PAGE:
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NBIP Ireland
Research Office
121 St Stephens Green
Dublin 2
Ireland

nbipadmin@rcsi.ie
+353 1 402 8651

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20th-Jan-2014: Novel application of OCT developed at NUIG

Dr. Sergey Alexander from the Tissue Optics and Microcirculation Imaging group (TOMI) at National University of Ireland Galway has demonstrated a novel label-free depth resolved sensing technique based on optical coherence tomography (OCT) to detect structural changes at the nanoscale. This label free approach provides new possibilities for depth resolved study of pathogenic and physiologically relevant molecules in the body with high sensitivity and specificity. It offers a powerful opportunity for early diagnosis and treatment of diseases.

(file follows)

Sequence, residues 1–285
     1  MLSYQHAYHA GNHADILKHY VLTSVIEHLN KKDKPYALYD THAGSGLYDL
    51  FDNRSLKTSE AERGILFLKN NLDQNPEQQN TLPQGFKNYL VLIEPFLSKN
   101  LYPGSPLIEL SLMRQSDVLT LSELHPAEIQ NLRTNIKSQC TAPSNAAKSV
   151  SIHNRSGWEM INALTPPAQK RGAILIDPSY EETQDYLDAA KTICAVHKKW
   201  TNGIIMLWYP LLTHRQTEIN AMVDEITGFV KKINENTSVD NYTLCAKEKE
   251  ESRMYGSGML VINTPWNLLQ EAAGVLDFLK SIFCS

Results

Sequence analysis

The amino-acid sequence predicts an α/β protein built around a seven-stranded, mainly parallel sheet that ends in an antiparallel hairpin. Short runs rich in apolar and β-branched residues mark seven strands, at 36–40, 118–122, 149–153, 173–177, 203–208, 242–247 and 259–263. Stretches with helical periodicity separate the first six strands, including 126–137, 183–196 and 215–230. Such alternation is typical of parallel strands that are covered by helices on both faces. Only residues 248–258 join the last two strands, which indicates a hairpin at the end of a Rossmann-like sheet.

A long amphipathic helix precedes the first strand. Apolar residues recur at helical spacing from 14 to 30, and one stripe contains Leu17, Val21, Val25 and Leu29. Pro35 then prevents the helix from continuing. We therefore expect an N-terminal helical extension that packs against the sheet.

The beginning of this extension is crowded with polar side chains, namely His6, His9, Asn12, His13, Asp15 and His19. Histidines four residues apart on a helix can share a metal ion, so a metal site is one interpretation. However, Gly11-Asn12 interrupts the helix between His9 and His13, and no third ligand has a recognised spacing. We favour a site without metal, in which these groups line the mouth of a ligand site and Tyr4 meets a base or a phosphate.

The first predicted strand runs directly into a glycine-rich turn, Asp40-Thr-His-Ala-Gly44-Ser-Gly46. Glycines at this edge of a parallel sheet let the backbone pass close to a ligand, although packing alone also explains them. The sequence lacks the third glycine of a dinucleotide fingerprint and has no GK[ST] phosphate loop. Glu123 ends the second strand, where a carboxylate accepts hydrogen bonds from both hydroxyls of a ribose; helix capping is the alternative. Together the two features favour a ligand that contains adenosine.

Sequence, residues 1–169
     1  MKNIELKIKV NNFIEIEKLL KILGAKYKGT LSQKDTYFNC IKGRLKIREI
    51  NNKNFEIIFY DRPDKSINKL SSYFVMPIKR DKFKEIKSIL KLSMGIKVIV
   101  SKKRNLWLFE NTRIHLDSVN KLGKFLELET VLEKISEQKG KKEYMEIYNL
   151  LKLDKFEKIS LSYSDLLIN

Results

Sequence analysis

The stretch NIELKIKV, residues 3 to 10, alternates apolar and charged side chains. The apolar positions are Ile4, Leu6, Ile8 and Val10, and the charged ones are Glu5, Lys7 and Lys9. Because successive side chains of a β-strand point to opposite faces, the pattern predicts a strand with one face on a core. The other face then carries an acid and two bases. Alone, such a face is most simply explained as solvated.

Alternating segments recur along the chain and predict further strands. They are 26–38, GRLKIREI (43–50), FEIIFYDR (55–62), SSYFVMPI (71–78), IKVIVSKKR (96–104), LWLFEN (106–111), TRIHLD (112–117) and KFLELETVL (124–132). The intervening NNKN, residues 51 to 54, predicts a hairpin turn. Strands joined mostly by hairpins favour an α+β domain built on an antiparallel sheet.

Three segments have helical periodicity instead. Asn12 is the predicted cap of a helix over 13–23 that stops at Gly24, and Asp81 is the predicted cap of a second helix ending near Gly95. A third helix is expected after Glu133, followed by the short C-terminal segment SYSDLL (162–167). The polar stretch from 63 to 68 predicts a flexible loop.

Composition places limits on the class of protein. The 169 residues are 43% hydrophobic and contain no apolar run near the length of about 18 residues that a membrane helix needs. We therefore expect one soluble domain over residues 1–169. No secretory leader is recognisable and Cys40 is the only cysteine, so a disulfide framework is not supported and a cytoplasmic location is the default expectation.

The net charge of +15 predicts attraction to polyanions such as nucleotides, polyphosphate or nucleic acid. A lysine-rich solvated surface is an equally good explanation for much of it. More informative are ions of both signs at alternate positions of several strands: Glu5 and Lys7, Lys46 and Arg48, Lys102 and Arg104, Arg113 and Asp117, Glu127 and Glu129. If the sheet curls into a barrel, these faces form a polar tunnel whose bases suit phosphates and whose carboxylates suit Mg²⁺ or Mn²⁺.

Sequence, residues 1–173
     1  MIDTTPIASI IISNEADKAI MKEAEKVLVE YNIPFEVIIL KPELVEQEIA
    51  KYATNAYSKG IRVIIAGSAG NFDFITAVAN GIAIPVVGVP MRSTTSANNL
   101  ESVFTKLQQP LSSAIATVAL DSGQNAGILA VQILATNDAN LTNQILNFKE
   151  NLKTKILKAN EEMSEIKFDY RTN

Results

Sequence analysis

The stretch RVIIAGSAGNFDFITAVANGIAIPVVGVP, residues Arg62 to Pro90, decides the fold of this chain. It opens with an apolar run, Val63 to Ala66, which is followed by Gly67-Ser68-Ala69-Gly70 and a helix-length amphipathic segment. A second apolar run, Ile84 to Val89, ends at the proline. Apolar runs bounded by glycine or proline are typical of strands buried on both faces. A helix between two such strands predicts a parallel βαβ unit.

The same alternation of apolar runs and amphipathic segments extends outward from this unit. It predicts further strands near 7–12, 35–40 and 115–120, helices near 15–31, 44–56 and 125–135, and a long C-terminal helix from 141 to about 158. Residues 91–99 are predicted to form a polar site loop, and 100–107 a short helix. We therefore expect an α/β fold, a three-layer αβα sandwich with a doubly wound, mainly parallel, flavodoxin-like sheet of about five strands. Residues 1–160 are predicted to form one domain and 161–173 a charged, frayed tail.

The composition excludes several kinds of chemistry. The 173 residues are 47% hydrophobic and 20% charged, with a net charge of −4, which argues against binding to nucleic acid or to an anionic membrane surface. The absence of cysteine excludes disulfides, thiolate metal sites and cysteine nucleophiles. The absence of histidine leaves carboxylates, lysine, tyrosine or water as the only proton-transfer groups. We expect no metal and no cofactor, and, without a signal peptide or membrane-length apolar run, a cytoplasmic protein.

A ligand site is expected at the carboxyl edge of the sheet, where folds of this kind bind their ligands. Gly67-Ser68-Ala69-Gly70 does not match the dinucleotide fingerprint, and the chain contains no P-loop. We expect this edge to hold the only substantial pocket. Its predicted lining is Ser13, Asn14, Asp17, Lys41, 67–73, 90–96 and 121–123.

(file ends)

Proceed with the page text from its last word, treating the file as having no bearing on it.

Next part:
Read the full article at this link

 
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13-Jun-2013: Women and cholesterol:  The beneficial effects of estrogen on liver metabolism explained in breakthrough Science paper from the Royal College of Surgeons in Ireland  and University of California.



The female hormone estrogen tends to protect women against high cholesterol and heart disease during the child-bearing years.  This may help explain why premenopausal women are usually protected from developing heart disease and cirrhosis.